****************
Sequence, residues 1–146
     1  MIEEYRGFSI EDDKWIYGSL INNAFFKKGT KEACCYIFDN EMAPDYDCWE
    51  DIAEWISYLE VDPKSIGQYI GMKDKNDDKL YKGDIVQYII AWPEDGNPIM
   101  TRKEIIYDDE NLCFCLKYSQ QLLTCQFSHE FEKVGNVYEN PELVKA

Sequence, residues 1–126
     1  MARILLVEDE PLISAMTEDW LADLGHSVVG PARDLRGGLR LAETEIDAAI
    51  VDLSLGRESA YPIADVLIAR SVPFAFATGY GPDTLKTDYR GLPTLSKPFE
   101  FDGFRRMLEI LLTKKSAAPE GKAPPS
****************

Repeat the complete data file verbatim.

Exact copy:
Sequence, residues 1–146
     1  MIEEYRGFSI EDDKWIYGSL INNAFFKKGT KEACCYIFDN EMAPDYDCWE
    51  DIAEWISYLE VDPKSIGQYI GMKDKNDDKL YKGDIVQYII AWPEDGNPIM
   101  TRKEIIYDDE NLCFCLKYSQ QLLTCQFSHE FEKVGNVYEN PELVKA

Sequence, residues 1–126
     1  MARILLVEDE PLISAMTEDW LADLGHSVVG PARDLRGGLR LAETEIDAAI
    51  VDLSLGRESA YPIADVLIAR SVPFAFATGY GPDTLKTDYR GLPTLSKPFE
   101  FDGFRRMLEI LLTKKSAAPE GKAPPS